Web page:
Union and State split on staffing problem at ECI

Understaffed, forced to work mandatory overtime and scared. That's been the cry from Eastern Correctional Institution officers for over a year. Last week things may have hit a head when prisoners staged a 'peaceful' protest. 

Things were thankfully resolved and all staff went home that night to their families, but now some speculate things may get worse if the staffing problem isn't fixed. 

"I have no doubt that if we don't get something changed and if we don't get some people hired we're going to have it, it's going to happen it's inevitable," said John Baker, a former correctional officer and case manager at the prison, who retired this spring after 26 years. 

Right now the prison is on lockdown, but while that's going on Baker believes a storm may be brewing.

"When they come off of lockdown if I get a phone call next week and somebody says hey they've hurt somebody or they've destroyed a housing unit, it wouldn't surprise me in the least," Baker said. 

Baker started his career at ECI in 1992 and tells 47 ABC he's never seen things this bad at the prison. 

"The atmosphere at the prison is terrible and like I say the inmates see it, the inmates feel it and the officers, it's certainly taken a toll on them and even the support staff," Baker said. 

These problems at the prison have been mostly connected to one thing, a problem with staffing. If the prison is fully staffed, that means no more mandatory overtime, better morale and inmates would be able to receive more recreation time because there would more staff to watch them. 

Currently, the Department of Public Safety and Correctional Services says they're down  94 correctional officers at the prison. but despite that, they tell us they have full confidence they have things under control and correctional officers don't need to be scared to go to work. 

"ECI is safe because every day the warden and his team ensure that every position is staff. Now we may have to do that by utilizing overtime but every position is staffed," said DPSCS Secretary Stephen Moyer.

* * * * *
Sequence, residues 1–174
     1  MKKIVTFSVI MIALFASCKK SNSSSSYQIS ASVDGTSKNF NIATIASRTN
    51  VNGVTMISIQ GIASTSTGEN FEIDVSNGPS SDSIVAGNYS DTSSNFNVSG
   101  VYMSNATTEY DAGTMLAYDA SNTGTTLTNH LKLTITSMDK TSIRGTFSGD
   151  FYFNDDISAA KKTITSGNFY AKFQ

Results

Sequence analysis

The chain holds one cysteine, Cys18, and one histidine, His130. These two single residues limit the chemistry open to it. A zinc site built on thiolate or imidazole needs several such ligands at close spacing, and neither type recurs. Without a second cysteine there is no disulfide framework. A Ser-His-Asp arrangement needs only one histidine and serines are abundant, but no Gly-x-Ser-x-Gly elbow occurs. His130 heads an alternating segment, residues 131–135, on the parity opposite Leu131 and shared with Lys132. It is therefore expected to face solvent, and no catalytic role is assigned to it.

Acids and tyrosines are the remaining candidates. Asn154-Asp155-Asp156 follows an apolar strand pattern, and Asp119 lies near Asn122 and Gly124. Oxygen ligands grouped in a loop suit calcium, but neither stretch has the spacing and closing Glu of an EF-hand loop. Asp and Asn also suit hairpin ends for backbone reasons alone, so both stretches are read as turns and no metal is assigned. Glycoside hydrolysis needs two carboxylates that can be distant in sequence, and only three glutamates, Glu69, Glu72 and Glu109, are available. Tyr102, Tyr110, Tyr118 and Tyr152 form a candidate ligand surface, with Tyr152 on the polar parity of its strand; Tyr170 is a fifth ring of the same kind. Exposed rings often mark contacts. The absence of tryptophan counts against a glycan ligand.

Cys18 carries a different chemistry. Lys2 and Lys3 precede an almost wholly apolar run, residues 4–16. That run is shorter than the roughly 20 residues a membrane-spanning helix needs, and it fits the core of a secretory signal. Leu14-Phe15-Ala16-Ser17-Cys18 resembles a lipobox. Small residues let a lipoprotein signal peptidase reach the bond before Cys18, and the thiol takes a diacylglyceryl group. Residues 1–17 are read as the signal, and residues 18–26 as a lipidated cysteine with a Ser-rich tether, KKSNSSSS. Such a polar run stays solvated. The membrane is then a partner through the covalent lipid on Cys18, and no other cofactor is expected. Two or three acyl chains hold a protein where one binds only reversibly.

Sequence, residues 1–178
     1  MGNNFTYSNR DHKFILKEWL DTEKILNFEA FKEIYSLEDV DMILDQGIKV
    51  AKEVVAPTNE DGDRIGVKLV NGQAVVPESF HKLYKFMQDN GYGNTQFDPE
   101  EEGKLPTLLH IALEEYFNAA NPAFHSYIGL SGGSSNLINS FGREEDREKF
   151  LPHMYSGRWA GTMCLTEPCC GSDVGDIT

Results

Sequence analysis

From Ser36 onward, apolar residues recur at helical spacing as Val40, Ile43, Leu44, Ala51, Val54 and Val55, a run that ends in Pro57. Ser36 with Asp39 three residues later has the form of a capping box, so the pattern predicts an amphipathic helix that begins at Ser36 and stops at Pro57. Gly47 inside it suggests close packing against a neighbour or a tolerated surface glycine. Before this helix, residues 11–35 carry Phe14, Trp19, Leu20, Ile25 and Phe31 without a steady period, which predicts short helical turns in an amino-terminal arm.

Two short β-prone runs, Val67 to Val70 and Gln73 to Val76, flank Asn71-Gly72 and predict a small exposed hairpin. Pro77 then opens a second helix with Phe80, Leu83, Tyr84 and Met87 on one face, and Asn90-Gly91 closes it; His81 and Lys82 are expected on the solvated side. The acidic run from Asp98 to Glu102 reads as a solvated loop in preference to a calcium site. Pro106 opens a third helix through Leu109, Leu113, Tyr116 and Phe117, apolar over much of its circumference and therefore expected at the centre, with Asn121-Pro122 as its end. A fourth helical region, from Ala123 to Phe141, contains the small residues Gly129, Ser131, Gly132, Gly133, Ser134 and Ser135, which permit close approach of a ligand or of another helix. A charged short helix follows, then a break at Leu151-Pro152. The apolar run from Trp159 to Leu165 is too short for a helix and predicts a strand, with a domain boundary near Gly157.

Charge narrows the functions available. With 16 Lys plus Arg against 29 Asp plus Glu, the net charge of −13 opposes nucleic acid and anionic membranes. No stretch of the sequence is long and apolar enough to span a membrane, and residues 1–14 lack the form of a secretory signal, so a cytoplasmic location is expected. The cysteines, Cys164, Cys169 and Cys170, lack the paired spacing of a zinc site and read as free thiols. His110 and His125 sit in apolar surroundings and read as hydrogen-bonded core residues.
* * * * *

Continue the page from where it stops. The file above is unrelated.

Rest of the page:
They also believe they've found a solution to the staffing problem. Moyer announced Thursday the state would try something they've never done before, hiring an independent recruiter to launch a nationwide search to find qualified candidates. 

"We've been to churches, we've been to the Walmart parking lot. So, I think we need to expand this to a national search, maybe even look at some folks who are coming out of the military," Moyer said. 

Moyer adds the problem over the last three years with hiring have not been that people haven't been applying to the job, but rather that most of the candidates applying have not been able to pass a key part of the process. 

"The legislature in 2015 passed a law that requires all correctional officers to pass a polygraph and it created an immediate challenge for us as far as hiring correctional officers," Moyer said. 

Correctional officers and the union that represent them seem to agree, the polygraph test has been a problem. However, unlike the state they say the problem isn't with the applicants taking the test, it's with the test itself. 

"The solution is a polygraph test that makes sense, you'd be surprised if anybody could past that test," said Jack Hughes, an AFSCME union representative.  

Moyer has noted there are concerns with the test and even went as far as to bring someone else in to examine it. But they too found nothing wrong. 

"I went the extra step and brought in a national expert to look the way we've implemented it and it's right in line with the best practices from across the county," Moyer said. 

But the union says they've heard this all before, claiming it's just the same old song and dance they've seen from the state.  

"I mean it's been two years, same story, it's getting old," said Hughes. "I don't know what their motive is, but I don't believe they are trying to hire they're not seriously trying to hire correctional officers."

Ultimately something will have to give. Moyer has given the state one month to hire the recruiter. Meanwhile the union believes even that may be too long to wait. 

"If he doesn't correct this staffing problem it's going to be too late, we're going to be talking about a death," Hughes said. 


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